Reviews of shows I've been to (and maybe you have too!)

MMR-BQ @ Susquehanna Bank Center (5/18/13)- Feat. Cheap Trick, Alice in Chains, Soundgarden

Since most of the bands I listen to were born before I was even on this planet, it is extremely rare for me to attend a show for a group that was at its peak during my formative years (even if said group has died and been resurrected). Not surprisingly, I therefore have a much more visceral, and by extension less cerebral, reaction to such bands, given that their music likely played an important (or at least recognizable) part of my development. The 90’s-flavored “MMR-BQ” in Camden was thus the perfect venue for a nostalgic release of adolescent energy, in the form of an ear-splitting, head-banging, throat-shredding rock concert.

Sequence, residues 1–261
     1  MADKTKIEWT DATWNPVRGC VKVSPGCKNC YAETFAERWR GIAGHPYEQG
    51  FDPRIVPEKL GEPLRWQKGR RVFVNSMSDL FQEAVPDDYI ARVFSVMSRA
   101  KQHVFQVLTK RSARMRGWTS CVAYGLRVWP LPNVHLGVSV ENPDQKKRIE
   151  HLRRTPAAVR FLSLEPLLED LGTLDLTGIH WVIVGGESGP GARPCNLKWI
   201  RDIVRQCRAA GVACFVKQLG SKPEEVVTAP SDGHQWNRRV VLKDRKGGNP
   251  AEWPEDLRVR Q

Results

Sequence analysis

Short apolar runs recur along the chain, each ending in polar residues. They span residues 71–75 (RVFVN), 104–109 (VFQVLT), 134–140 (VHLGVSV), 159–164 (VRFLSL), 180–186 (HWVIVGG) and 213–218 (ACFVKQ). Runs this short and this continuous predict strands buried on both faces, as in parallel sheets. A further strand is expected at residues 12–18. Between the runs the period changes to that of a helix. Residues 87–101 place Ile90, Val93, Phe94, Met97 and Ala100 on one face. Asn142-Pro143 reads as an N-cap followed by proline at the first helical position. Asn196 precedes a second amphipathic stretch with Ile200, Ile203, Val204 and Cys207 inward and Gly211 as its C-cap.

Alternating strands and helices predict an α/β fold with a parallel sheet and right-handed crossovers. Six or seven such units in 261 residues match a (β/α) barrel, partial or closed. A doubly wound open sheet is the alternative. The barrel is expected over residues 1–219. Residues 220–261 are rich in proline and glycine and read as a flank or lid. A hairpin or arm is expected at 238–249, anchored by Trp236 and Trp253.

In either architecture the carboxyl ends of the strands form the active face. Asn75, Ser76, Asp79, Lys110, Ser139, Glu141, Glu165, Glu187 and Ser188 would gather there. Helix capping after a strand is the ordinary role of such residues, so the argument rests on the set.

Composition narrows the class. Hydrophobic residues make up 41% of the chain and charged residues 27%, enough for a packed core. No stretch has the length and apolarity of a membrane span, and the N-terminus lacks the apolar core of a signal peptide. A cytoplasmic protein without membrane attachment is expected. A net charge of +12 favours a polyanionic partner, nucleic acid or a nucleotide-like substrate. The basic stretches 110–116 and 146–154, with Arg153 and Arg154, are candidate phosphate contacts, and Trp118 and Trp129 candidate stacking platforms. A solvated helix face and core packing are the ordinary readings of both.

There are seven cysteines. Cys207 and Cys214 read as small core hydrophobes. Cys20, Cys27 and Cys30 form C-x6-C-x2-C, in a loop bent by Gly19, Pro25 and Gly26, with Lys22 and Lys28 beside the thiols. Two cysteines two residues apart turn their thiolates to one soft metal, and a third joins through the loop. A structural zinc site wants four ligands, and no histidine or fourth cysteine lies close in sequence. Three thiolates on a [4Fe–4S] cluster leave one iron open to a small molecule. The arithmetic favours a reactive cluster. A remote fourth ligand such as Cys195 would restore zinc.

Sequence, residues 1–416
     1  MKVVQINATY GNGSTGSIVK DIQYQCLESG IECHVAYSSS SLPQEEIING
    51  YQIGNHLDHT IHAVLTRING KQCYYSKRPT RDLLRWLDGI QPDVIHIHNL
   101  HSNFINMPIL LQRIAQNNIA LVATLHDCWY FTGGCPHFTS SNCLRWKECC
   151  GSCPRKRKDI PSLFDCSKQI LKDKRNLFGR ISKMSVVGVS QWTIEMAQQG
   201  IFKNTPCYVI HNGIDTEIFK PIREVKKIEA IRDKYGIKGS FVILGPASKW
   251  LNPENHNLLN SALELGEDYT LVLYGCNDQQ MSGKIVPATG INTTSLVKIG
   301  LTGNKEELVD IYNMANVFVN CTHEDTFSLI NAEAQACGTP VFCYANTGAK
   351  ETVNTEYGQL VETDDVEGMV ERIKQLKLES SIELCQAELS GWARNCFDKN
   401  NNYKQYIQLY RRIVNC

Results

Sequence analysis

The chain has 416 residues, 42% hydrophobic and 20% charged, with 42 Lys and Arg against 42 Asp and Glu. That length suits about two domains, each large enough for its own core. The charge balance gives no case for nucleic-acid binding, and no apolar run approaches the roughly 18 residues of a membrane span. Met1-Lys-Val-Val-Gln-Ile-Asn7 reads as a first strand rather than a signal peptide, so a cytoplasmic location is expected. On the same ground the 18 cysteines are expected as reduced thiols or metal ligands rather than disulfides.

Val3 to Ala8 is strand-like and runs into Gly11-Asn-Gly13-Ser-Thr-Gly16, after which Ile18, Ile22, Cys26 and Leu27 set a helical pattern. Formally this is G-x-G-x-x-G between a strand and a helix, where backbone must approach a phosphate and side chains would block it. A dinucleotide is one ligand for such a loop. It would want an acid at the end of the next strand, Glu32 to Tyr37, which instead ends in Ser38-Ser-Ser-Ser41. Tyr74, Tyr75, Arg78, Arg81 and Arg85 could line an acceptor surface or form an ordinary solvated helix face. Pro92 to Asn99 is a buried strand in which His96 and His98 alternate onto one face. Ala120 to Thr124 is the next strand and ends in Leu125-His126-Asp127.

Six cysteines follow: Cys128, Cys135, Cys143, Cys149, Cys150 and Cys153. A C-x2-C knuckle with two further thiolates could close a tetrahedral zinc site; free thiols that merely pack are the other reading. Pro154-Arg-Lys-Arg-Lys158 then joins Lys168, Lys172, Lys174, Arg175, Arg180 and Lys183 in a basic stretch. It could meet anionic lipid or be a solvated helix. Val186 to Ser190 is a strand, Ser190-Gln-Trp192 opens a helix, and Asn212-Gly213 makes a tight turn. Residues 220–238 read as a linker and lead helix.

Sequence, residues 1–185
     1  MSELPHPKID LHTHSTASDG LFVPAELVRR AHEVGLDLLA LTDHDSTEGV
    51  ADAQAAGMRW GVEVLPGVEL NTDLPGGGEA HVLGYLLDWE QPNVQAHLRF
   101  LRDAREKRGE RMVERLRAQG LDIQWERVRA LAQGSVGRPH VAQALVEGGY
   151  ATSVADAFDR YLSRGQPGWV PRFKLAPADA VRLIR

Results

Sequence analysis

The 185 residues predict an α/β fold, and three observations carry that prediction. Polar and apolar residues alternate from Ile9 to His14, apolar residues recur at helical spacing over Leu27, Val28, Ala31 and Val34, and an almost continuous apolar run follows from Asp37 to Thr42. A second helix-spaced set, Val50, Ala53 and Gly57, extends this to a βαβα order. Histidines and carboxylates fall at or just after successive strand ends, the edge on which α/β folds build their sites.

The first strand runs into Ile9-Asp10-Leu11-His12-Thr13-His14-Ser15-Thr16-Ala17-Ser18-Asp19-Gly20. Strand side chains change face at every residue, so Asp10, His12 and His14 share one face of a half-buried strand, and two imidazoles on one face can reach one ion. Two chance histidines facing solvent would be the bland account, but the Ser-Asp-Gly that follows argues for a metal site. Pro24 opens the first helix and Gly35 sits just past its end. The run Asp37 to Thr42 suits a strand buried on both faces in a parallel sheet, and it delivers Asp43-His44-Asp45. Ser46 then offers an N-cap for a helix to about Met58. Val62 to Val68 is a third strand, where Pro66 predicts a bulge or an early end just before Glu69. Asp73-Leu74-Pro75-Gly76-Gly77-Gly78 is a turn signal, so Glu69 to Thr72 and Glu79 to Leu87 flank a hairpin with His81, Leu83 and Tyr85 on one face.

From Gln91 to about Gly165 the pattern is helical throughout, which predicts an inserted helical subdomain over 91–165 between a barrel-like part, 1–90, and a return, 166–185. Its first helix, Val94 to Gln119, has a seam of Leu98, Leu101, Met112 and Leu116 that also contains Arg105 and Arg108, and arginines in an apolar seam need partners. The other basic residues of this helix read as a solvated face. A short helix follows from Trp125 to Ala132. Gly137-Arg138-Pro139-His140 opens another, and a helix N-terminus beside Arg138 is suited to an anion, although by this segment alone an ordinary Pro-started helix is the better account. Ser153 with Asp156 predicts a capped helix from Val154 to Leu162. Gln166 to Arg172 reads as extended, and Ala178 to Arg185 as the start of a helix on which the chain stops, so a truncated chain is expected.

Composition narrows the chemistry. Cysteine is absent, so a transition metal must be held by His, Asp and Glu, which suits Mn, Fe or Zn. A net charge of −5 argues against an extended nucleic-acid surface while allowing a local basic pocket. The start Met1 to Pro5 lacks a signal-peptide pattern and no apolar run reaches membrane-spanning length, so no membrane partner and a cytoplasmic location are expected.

The first half of the lineup consisted of a bunch of no-name bands who, when combined with the damp, overcast weather, convinced me and Bob to not show up until halfway through the show. We were greeted by the legendary Cheap Trick, who have taken over the Ramones’ torch of continuous touring, year after year. I had seen Cheap Trick open for Aerosmith years ago, and was impressed at their high energy and colorful playing, catalyzed (as always) by eccentric guitar virtuoso Rick Nielsen. Opening up as they always do with “Hello There” (aside: is there a better concert opening song? “Start Me Up” is probably the only competition), the aging band began by lurking through a set that started as damp as the weather. Frontman Robin Zander’s glittering David Lee Roth-style captain’s outfit did nothing to help excite the crowd. Thankfully, he eventually ceded center stage to Nielsen, whose infectious enthusiasm cannot be resisted. Slowly, the band began to hit its stride, and by the time the overplayed “I Want You to Want Me” came up, I (along with the rest of the crowd) was in full rock mode. Though the standard collection of hits made their welcome appearance, I was pleasantly surprised to hear “Need Your Love” and “Gonna Raise Hell”, both of which seem much more suited to the live format than on record. Despite not having my secret desire to hear “He’s A Whore” fulfilled, Cheap Trick’s set provided a perfect rev-up opening act for the main event (while in fact being the closing act for the concert afternoon session).